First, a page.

Friday, August 27, 2010
Happy Clam and Glazing
Truth be told, I was apprehensive during this bisque firing for two reasons. I wondered if lightening would cause the electricity to shut down. I was lucky and the lightening was off in the distance. The other worry was the load contained a number of experimental pieces which had a potential to fail for one reason or another.
Everything came out just fine, except one flat sprig fell off the geometric pedestal vase. It slid down beside the teapot. I figure it must have fallen off during the cool down since it didn't break when it fell. I plan on using a trick Judy told me about, thanks Judy. I will glaze the body of the piece, put some Elmer's glue where I want to attach the sprig, then glaze the sprig in place. Hopefully this trick works since I spent a long time buidling this piece.
The cake pedestal didn't droop and I fired it upright, had to because of the sprigs on the top. It leans slightly but I think it already leaned when I dried it because I dried it upside down on wads. Michele gave me the idea to dry it upside down, thanks Michele. If only I had put the sprigs on the side of the pedestal then I could dry the cake pedestal absolutely flat. Next one.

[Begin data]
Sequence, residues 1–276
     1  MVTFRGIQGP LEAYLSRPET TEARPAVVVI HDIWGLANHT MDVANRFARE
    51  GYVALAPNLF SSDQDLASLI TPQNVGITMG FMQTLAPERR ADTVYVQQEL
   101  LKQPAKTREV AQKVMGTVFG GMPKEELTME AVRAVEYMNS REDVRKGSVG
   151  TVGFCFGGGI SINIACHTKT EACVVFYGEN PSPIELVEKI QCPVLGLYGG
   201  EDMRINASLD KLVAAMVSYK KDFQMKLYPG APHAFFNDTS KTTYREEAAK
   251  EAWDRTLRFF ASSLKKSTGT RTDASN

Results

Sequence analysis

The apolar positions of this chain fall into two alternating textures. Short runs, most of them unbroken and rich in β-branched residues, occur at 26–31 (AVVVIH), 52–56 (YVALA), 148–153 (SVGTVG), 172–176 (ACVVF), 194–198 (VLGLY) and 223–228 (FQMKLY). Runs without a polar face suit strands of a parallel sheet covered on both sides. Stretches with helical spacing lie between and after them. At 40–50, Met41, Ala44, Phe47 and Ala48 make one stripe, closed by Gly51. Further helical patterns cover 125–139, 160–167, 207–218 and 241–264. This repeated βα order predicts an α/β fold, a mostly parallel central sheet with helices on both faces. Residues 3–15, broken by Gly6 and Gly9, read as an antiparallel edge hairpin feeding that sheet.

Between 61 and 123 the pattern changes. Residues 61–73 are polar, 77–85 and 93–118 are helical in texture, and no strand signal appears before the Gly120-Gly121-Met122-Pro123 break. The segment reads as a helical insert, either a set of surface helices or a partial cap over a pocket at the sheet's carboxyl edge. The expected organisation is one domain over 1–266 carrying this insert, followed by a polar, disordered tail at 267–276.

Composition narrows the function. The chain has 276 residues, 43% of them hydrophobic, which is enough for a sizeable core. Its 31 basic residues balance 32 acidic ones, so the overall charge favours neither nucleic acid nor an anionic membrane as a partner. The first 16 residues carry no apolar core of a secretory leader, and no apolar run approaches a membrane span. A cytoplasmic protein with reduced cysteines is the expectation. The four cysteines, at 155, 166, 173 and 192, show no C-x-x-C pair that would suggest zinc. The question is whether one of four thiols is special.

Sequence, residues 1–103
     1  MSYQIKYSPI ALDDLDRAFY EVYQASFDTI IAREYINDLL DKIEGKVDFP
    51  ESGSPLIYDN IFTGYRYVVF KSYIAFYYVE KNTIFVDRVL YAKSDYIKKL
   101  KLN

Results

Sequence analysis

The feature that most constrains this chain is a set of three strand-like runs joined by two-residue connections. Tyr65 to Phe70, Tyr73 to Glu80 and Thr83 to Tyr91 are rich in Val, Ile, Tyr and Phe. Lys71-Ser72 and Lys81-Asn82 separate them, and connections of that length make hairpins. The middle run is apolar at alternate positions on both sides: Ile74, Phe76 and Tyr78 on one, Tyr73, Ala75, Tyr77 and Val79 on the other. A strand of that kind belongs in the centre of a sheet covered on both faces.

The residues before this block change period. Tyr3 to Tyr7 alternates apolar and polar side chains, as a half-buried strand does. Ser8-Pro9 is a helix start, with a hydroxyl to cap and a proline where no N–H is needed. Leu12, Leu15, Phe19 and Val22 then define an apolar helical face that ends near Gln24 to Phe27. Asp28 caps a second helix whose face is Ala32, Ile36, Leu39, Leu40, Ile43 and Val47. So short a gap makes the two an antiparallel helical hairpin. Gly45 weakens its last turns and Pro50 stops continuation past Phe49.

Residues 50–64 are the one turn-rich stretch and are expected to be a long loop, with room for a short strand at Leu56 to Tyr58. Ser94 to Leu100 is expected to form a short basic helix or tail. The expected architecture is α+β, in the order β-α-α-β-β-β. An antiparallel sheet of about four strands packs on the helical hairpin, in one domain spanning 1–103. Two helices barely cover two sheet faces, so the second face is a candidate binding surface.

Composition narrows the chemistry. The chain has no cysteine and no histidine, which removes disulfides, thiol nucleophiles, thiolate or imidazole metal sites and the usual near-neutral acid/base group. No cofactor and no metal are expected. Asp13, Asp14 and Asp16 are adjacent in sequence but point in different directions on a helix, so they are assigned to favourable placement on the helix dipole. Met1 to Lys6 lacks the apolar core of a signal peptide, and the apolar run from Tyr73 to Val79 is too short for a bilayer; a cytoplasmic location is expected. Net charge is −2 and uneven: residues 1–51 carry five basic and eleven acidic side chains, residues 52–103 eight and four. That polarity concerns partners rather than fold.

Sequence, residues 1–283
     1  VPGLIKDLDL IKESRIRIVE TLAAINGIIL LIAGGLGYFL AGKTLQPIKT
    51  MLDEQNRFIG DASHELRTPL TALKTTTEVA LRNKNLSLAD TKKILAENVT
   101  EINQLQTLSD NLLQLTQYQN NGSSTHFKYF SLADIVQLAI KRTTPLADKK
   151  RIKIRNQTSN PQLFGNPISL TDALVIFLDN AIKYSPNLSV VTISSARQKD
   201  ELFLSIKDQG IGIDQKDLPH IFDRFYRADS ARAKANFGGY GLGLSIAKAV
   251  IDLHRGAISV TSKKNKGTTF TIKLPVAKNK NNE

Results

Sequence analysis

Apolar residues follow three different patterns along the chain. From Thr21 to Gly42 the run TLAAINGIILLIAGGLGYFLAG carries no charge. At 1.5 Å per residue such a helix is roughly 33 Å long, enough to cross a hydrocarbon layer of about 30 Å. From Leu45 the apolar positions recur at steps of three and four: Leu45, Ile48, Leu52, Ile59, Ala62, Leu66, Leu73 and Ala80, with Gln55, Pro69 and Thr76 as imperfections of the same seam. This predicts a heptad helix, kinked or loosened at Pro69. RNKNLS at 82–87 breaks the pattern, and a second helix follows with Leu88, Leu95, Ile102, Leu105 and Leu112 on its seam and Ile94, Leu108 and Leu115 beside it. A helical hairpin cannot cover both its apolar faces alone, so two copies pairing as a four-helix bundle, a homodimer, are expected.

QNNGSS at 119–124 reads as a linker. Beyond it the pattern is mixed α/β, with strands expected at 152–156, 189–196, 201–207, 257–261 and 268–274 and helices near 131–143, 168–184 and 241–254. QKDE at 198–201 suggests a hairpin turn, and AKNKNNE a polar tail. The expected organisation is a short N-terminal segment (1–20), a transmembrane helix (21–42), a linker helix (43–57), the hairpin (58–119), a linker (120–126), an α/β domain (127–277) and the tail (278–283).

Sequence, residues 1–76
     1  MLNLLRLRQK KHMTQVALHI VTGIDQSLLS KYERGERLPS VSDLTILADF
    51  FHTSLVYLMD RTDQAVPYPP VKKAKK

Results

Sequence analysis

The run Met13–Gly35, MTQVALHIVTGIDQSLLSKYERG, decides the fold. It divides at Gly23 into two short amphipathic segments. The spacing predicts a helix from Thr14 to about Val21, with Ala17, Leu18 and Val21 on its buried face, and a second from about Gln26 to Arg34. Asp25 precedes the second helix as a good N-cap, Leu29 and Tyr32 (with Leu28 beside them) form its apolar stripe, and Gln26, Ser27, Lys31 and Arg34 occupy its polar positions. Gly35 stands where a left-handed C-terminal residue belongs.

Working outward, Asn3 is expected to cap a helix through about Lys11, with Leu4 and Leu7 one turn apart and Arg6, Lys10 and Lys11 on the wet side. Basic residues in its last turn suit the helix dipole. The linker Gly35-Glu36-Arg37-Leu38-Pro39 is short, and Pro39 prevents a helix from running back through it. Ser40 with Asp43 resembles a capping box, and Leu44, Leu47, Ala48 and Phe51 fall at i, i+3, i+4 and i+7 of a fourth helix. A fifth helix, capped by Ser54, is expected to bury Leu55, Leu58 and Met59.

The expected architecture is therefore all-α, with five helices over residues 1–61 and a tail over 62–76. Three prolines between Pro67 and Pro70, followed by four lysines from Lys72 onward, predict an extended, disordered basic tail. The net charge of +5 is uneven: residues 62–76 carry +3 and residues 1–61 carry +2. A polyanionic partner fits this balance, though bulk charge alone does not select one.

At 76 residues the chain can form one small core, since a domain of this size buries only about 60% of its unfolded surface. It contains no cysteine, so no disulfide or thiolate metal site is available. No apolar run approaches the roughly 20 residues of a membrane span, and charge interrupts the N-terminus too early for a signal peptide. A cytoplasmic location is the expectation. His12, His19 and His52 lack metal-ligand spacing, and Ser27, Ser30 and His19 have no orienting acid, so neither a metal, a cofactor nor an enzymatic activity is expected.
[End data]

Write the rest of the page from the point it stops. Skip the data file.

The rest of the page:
The thick heavy saguaro vase didn't blow up or crack. Even the 16 inch tall vase is OK. The shell basket legs didn't fail. The legs look so small I thought the weight of the vase would break them, but I realize clay is much stronger than I think.
I was making this work for four months. I can't believe that much time has gone by since we moved here. So many months work is tied up in the firings and so far I am a happy clam. Now that I'm more comfortable with firing this new kiln, things will be go much quicker in the future, if the weather cooperates.
I've made a pretty good dent on glazing the two bisque loads. I glaze each piece individually and brush the glaze on. Some of the taller vases I pour the inside glaze and then brush the outside. I have terra cotta test tiles decorated with slip and I'll be testing clear glazes during the first glaze firing to see which will work best for the plates, platters, and vases.
Once I get all this work fired, I plan to experiment with making and spraying glazes. I was reading one of my ceramics books and saw some dry barium glazes I think would look super on sculptures. Comments and suggestions are welcome.